That paper is long, and also might be a little difficult for some, so here are the excerpts of what I consider to be the main points.  I assume that the reader of this blog is interested in the answer, and not in the exploration and arguments that lead to the result.  For such details, follow the link.

We have to start with adhyatma, which for various reasons, Balu leaves undefined in his paper, but we take adhyatma to be combination of two words अध्ययन and आत्मा, i.e. अध्ययन of आत्मा. I will leave आत्मा - Atma - undefined and untranslated.  The danger of using an English word is that unwanted connotations of words sneak in, and to even try to remove these takes a long essay. The danger in what I've done is that it creates a possibility of misunderstanding adhyatma.

Now follows edited excerpts:
‘Itihasa’, a compound Sanskrit word, is normally split as iti+ha+aasa. It is also translated as ‘so-it-happened’ or ‘thus-it-verily happened’. From such translations, it is easy to jump to the conclusion that ‘Itihasa’,as a word, picks out literature that chronicles the past or that it is history of the ‘bygone era’.

The facts: the Chandogya Upanishad speaks about itihasa as the fifth Veda, placing it next to the four Vedas; Shankaracharya mentions that recitations of itihasa was part of certain major rituals; the classical Indian poetics lay down the rule that Mahaakaavyas and Naatakas (drama) draw on itihasa to work out their themes; to this day, performing arts in parts of India (Talamaddale, Yakshagana, etc.) follow this rule... And so on.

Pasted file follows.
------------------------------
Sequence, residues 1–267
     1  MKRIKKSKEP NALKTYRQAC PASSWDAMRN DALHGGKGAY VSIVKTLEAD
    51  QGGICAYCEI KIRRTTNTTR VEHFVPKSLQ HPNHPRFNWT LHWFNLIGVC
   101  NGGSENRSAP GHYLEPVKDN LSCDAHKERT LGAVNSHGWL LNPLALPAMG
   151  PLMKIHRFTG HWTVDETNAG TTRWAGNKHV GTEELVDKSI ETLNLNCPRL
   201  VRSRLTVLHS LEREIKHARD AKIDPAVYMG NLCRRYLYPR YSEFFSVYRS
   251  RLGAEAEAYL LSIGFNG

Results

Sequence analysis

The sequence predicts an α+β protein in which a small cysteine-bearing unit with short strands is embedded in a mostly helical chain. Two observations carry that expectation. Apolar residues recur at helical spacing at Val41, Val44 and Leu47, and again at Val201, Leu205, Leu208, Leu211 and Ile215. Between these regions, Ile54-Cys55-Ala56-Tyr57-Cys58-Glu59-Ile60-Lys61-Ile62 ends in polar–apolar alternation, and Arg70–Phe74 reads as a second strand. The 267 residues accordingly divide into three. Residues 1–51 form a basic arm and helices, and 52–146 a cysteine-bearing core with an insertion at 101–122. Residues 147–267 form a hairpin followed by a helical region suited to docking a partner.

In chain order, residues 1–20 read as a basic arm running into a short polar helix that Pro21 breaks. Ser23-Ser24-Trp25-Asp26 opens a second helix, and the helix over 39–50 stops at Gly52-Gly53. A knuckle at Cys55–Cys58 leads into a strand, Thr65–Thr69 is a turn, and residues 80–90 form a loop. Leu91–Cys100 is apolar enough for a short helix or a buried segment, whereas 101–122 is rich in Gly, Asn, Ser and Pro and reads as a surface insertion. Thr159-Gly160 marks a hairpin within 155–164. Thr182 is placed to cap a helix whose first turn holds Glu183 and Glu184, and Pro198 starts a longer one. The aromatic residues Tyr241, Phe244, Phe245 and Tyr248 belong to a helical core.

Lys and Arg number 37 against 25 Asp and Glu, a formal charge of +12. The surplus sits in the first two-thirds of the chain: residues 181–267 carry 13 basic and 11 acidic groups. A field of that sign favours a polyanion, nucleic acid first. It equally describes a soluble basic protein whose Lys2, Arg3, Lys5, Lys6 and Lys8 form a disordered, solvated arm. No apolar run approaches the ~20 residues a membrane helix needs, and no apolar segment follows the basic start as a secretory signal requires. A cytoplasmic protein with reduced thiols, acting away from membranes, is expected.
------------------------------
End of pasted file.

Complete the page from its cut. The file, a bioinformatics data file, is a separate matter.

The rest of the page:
Let us begin with the translation of the word: let us accept the conventional translation of itihasa as ‘thus it happened’. Now the question is this: what is being picked out by the referential word ‘thus’ or ‘iti’?

If you look at, say, the Mahabharata as a standalone text and make use of the western conventions of telling a story, the conclusion is obvious: ‘thus’ picks out a story that is yet to be narrated. Under these conditions, that the Mahabharata is considered as ‘Itihasa’ and that this word picks out the story narrated in the text become obvious.

However, Sanskrit is not English and India is a culture that is different from the West. ‘Iti’ in Sanskrit is a meta-linguistic word that picks out what has already been linguistically spoken. When we call the Mahabharata an itihasa text, we are actually saying that it refers back to something else that has been already said and that its discourse is at a meta-level regarding what has already been said at an object-level.